As witnessed in this blog and by my friends, I have gravitated towards being a conservationist for several years now, while continuing to use my “academic” training. Since last year I became more closely involved with the Sutton Avian research center in town, which is a very small (in terms of personnel) center pursuing breeding and reintroduction of at least three types of game-birds and separately conducting breeding studies in Oklahoma.So, coming back from India and with my continued and increasing awareness of phenomenal researchers and conservationists working in India, I find myself in the middle of a pandemic, and waiting to go back to India. As the Indian government make naught of forest protection acts, sentencing pristine, global diversity hotspots to destruction, like by (nearly approving) the construction of the Etalin dam in the Dibang Valley of Arunachal Pradesh or by the approval of coal mining in Dehing Patkai elephant reserve in Assam, I feel more drawn towards wanting to make a meaningful contribution. To somehow make concrete my connection to the Indian wild. Somewhere I have never really been, but I know I must try to see if it will have me.

Most of these drawings are not of India species, but everyone needs to practice somewhere, and if I may ask for your wishes to help me get to somewhere I can use this practice.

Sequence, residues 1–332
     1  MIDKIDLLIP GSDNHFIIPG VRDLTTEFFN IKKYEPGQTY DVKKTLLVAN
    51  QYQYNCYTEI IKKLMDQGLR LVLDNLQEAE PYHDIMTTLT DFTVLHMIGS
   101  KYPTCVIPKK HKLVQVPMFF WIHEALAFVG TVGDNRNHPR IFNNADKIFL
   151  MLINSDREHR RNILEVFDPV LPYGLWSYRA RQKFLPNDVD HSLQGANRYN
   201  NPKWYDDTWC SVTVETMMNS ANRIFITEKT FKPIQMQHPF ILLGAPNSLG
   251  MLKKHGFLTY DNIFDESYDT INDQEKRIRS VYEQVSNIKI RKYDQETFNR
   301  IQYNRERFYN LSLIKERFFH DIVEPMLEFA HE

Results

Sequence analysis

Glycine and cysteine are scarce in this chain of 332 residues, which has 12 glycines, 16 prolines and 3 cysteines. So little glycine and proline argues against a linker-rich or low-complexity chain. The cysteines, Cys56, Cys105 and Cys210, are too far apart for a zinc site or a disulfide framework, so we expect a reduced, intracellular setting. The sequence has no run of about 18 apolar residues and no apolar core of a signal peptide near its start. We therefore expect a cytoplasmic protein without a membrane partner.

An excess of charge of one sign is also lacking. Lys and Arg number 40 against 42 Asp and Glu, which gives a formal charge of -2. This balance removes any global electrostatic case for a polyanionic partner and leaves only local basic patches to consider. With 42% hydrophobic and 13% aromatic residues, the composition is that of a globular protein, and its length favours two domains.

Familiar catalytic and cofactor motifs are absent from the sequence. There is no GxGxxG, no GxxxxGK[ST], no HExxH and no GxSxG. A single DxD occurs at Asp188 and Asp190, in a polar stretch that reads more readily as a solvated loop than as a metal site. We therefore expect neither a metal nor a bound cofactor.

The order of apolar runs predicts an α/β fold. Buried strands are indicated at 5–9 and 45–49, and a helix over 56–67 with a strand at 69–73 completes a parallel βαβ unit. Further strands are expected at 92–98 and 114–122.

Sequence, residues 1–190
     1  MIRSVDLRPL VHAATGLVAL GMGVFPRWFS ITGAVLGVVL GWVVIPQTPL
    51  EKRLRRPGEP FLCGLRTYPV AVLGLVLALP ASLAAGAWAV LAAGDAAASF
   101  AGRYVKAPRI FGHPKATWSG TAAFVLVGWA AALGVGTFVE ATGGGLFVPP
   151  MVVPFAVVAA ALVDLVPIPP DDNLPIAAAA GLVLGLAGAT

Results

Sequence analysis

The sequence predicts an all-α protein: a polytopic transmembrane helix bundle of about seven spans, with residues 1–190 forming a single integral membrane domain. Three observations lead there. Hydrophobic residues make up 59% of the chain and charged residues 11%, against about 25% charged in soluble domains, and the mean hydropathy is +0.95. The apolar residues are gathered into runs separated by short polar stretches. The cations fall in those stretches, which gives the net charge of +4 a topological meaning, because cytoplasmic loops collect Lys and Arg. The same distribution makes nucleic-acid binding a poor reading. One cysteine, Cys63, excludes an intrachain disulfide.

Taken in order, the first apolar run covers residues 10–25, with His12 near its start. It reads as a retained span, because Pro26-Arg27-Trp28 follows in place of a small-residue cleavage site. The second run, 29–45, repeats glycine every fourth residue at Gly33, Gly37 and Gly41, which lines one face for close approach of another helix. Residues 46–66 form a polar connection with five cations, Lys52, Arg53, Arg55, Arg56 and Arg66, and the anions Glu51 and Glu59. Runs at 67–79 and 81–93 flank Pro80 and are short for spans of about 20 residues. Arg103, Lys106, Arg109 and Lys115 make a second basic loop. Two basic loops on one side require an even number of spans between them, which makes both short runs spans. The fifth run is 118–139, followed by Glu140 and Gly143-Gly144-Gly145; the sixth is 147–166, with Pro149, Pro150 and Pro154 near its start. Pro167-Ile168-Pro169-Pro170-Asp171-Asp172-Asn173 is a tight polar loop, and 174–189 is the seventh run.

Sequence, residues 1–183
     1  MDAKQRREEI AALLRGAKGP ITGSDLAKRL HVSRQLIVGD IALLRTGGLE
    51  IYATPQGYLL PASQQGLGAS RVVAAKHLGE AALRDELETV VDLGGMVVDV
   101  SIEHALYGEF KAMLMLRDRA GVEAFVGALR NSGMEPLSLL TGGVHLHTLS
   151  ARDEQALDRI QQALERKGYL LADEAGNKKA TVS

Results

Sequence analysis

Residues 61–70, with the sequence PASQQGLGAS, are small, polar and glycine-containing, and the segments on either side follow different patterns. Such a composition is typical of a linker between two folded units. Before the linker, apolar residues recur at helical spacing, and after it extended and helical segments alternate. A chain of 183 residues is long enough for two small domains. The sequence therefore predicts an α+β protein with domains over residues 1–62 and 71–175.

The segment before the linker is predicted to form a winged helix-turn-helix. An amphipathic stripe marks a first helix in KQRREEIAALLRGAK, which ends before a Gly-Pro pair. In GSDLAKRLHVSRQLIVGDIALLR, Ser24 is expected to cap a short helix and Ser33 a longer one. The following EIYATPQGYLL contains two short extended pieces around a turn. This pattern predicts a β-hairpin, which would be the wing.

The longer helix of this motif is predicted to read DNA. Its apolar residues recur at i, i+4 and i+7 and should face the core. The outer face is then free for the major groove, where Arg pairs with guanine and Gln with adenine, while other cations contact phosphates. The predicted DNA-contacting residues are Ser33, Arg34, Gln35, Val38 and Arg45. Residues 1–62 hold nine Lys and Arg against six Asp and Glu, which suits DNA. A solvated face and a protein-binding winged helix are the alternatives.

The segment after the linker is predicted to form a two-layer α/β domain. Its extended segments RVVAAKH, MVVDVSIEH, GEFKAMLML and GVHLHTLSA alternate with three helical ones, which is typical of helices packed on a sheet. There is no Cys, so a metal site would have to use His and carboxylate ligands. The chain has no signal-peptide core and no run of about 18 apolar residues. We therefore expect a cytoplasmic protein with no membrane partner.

Other artwork from this series is also here in my blog.

A time to relive through RUe (roux)

Top. One of the exclusive old bar rooms, at the Remoulade (the ones who invented the sauce).
Bottom. The chandeliered dining room at the remoulade, where patrons go their names on the wall, to hold their place

While there is a lot to think about Covid19 it self and write, both of which I am doing or have done, I won’t be writing much about it in this post. Today it’s time to rue the time we were in New Orleans and going around the oldest restaurant streets, in a food tour. I have been cooking for many years now (but I don’t want to count),I am enough of an existentialist to be a gourmet cook. And I had never heard of Roux until September 2019. So, that means unlike researching every thing about modeling, vaccines, treatments, policies that are needed to combat Sars-CoV2, I don’t even know where to look for food knowledge, even if my foodie friends have tried to direct me to TV shows, but I have not been compelled. It is much nicer to go to a place they make food a divinity. NOLA is certainly one of those places. Roux is a french sauce that can be the base of any type of seafood, meat stew. It is basically equal parts oil (plain/white) and flour and constant stirring, because if one doesn’t, it will burn. People make large pots of it and store. Our cooking demonstrator had a way of measuring how long it takes: the number of wine glasses she has had. The lighter (white or blond) roux is for seafood chowders, soups and darker for meat gumbos. The darker one takes her 3-5 wine glasses.